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Monday, April 27, 1998 Published at 14:27 GMT 15:27 UK

Sinn Fein calls for overall disarmament
image: [ The Sinn Fein leaders say they will be urging their party to back the Stormont agreement ]
The Sinn Fein leaders say they will be urging their party to back the Stormont agreement

The Sinn Fein President, Gerry Adams, has called for more progress in ridding Northern Ireland of all weapons.

The BBC's political correspondent Huw Edwards reports from Downing Street
He wants to see movement being made on reducing the army's presence in the province as well as disbanding the Royal Ulster Constabulary.

The Sinn Fein leader was speaking after a meeting with the British Prime Minister, Tony Blair, which Mr Adams described as "positive and constructive".

Mr Adams and his chief negotiator in the peace talks, Martin McGuinness, were in Downing Street discussing republican worries surrounding the Northern Ireland peace settlement.

Gerry Adams: "Attempt to block progress"
They also brought up the subjects of Irish language schools, the recent killings of Catholics and the upcoming Orange marching season.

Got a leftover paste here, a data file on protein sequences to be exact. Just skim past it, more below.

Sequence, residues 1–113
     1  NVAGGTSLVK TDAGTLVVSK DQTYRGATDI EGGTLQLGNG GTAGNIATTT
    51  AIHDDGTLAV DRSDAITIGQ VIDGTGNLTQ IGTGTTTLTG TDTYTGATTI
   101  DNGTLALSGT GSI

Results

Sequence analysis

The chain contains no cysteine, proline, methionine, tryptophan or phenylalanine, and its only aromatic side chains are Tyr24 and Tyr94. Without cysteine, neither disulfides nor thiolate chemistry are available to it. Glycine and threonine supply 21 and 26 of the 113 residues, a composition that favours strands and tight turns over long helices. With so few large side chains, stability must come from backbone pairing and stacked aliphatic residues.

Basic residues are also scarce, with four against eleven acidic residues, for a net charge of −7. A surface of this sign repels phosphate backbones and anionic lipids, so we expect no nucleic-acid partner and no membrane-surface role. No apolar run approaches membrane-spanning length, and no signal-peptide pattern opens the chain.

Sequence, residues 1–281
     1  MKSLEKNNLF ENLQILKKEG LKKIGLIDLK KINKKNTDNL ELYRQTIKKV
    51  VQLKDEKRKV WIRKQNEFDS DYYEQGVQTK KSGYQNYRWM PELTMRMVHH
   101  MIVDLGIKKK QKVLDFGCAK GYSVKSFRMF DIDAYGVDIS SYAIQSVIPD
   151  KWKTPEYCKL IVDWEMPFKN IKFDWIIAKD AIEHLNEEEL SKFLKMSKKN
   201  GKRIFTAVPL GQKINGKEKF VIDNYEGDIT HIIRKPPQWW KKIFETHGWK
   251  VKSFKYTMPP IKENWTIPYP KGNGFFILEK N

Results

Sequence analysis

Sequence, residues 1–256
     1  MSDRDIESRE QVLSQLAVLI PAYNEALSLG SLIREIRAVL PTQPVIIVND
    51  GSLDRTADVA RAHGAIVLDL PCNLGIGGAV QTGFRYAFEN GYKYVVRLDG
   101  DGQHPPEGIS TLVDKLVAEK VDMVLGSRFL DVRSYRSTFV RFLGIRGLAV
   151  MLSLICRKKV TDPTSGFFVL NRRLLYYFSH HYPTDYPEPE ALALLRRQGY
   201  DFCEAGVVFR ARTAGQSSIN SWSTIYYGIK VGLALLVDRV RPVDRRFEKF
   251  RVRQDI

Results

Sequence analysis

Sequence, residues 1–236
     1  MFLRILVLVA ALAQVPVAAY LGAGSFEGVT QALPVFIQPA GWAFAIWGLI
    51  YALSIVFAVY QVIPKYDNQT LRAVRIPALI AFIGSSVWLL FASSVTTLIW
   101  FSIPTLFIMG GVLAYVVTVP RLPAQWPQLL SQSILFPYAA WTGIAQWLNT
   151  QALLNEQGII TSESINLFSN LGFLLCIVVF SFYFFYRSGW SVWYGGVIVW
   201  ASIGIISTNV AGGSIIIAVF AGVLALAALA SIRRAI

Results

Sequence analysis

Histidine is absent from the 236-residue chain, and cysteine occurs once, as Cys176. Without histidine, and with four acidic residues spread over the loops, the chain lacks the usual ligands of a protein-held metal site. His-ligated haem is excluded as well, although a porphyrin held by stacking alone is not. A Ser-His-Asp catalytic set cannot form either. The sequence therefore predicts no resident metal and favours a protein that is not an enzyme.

But Mr Adams says he will be pressing his party's ruling body to endorse the Stormont agreement when they discuss ratifying the deal next month.

At a press conference outside Number 10 Downing Street, Mr Adams said the issue of decommissioning IRA weapons was an attempt to block progress.

Gerry Adams: "Whole range of issues"
He said: "We don't expect the British Army to disarm tomorrow morning. We don't expect the loyalists to disarm.

"I don't see how anyone could expect the IRA to disarm.

"Our view is that all of the guns being taken out of the equation as part of an overall settlement should be the objective."

Mr Adams also repeated his belief that the Stormont deal "weakened" the union and was a step on the road to a united Ireland.

The Sinn Fein leaders also met the Northern Ireland Secretary, Mo Mowlam, briefly after their one-hour discussion with Mr Blair.

The prime minister's official spokesman said: "Sinn Fein raised a number of specific issues which the secretary of state undertook to look at.

"The prime minister restated his view that the agreement remains the best opportunity for decades for a peaceful future for the people of Northern Ireland, which is what the people of Northern Ireland want."

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